When Mobile Payments Today first published its annual Mobile Wallet Comparison Guide in 2015, a couple of different things were happening in the U.S. that should have propelled NFC-enabled proximity smartphone payments to new heights.
October 1, 2015. That date marked the true beginning of the EMV transition in the U.S.
The prevailing thought at the time among many payments industry executives was that NFC-enabled mobile payments would see a bump at the physical point of sale because merchants were installing terminals capable of accepting both EMV and contactless payments.
The other thing that happened during the EMV transition came on the consumer side and the clunky payment experience that emerged with the change. An EMV card dip became an exercise in patience as such a transaction took as long as 30 seconds or more to complete. Suddenly, a phone tap seemed like a much more practical, and better, payment experience.
But for multiple reasons, the bump never happened.
Some merchants never bothered to activate the contactless feature in their terminals. Retailers such a Target and Walmart eschewed NFC altogether in favor of each merchant’s own proprietary mobile-payment system.
Consumers eventually adjusted to the clunky EMV payments experience, while the card networks deployed what’s referred to as Quick Chip technology to lessen transaction times.
And while all this happened, some industry surveys showed less and less consumer enthusiasm for NFC-enabled mobile wallets such as Apple Pay, Google Pay and Samsung Pay.
The real kicker came in May when an eMarketer survey showed how consumers gravitated more towards the barcode-based Starbucks’ mobile app than the NFC-enabled Pays. While that particular survey set off a whirlwind of opinions about how mobile wallet providers could improve their standing with consumers, the bottom line remains that this particular corner of the industry is stuck in a rut.
So, what happens now?
In the short-term, mobile wallet providers should take stock of their current offerings and re-evaluate what works and what doesn’t. To this day, the Pays don’t do much more than act as a direct replacement for plastic, which hasn’t been enough to entice consumers to pay with their phones.
Discounts, loyalty-program plays and offers were once thought to be the golden goose needed to drive consumer adoption, but that hasn’t been the case. Both Samsung Pay and Google Pay have some of these features in place, but it remains to be seen long-term whether these additions drive adoption and use.
Recent reports indicate Apple is ready to finally enable access to the secure element on the iPhone, which would open NFC access to third parties. Some industry experts believe that could be a much-needed godsend for NFC long term in the U.S.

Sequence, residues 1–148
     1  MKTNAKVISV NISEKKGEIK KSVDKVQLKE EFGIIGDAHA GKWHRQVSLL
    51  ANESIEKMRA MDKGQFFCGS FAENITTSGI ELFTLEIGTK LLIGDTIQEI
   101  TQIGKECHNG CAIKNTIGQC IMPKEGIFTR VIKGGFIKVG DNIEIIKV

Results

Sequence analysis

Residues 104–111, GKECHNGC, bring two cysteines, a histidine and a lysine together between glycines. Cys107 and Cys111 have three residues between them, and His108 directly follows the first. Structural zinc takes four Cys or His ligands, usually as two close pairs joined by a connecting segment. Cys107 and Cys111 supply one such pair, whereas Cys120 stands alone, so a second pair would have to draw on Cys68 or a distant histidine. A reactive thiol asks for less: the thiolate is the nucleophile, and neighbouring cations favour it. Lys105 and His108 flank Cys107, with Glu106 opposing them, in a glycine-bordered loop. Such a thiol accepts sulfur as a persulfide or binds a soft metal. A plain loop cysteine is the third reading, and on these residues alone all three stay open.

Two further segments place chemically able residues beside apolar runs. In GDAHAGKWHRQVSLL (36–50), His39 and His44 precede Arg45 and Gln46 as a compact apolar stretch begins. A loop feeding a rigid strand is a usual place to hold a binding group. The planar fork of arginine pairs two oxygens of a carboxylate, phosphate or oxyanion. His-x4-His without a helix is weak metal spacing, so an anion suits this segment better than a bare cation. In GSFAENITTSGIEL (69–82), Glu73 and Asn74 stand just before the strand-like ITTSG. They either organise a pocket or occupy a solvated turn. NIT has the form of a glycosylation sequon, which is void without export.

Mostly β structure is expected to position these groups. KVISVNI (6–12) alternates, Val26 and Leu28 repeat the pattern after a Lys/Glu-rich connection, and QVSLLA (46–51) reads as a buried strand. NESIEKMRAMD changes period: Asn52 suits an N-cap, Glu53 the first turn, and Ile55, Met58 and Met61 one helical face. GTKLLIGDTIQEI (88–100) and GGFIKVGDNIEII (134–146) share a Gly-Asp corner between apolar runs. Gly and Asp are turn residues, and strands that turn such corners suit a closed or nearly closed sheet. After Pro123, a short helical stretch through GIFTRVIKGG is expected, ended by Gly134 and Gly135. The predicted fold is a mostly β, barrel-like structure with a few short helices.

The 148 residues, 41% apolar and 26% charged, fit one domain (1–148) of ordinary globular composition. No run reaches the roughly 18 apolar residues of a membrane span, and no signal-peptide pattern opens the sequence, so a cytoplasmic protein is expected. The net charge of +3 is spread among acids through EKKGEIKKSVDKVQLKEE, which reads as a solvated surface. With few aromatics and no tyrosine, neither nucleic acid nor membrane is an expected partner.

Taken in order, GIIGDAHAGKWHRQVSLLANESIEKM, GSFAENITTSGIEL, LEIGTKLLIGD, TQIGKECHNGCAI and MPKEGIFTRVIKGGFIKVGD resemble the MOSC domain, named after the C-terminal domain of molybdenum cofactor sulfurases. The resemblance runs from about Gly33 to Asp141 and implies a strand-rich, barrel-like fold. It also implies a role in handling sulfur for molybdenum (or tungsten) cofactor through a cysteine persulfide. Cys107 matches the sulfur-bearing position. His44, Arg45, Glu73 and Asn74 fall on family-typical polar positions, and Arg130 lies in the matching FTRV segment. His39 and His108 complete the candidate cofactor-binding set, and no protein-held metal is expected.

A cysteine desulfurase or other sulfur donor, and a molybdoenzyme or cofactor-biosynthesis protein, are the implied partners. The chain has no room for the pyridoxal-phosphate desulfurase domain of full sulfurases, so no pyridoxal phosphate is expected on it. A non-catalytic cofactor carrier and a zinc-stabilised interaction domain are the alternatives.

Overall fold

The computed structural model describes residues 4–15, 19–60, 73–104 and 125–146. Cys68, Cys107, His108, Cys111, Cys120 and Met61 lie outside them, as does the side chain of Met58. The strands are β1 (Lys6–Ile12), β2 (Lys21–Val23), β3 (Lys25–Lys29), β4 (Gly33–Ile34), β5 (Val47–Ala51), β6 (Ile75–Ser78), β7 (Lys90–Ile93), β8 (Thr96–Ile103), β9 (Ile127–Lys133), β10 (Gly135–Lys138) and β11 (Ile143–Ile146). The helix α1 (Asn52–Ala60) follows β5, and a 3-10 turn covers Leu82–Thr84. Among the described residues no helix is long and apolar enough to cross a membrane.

As for the longer-term play for today’s NFC wallet providers, perhaps a visit to China is in order.
Alipay and WeChat have found success in China for multiple reasons, some of which are unique to the region such as ginormous population, tech-savvy consumers and a payments infrastructure that is made for mobile. However, there is one thing mobile-payments providers outside of China could attempt to mimic: utility.
Alipay is the better comparison in this case because of parent company Alibaba’s standing as both a financial and e-commerce powerhouse in China.
What helps to make Alipay unique are what are described as “sub applications” within the mobile wallet. There are 60 of them, which, include anything from an online travel agent called Fliggy, to the ability to pay for utilities and to book and pay for an Uber ride, just to name a few.
Alipay also has worked closely with merchant acquirers and retailers to help expand acceptance outside mainland China to part of Europe and North America.
Whether mobile wallet providers can mimic Alipay with such features will be a trend worth watching for the rest of 2018 and beyond.
And that brings us to this year’s edition of the Mobile Wallet Comparison Guide.
We created the guide three years to act as a one-stop-shop for who’s doing what with mobile wallets.
We asked mobile-wallet providers a wide range of questions about their product. Software developers provided us answers about their consumer-facing features as well as some other details that might not be important to everyday users such as security settings.
Our guide is intended to act as an introduction to these providers, not as a substitute for a comprehensive overview of each product. This guide offers just enough information to introduce you to this market and help you get started down the path to a possible partnership (or acquisition).
While NFC-enabled mobile wallets stagger in the U.S., they thrive in other countries such as Canada, the United Kingdom and parts of the Far East. Meantime, QR code-based mobile wallets have thrived in Africa, China, India and some Latin American countries.
As talk of a cashless society continues to proliferate, it will be up to mobile wallet providers to develop the features necessary to make this kind of chatter a reality. And to do so, mobile wallets have to be more about payments.
How do today’s providers stack up to each other right now in that area? This guide acts as an answer to the question.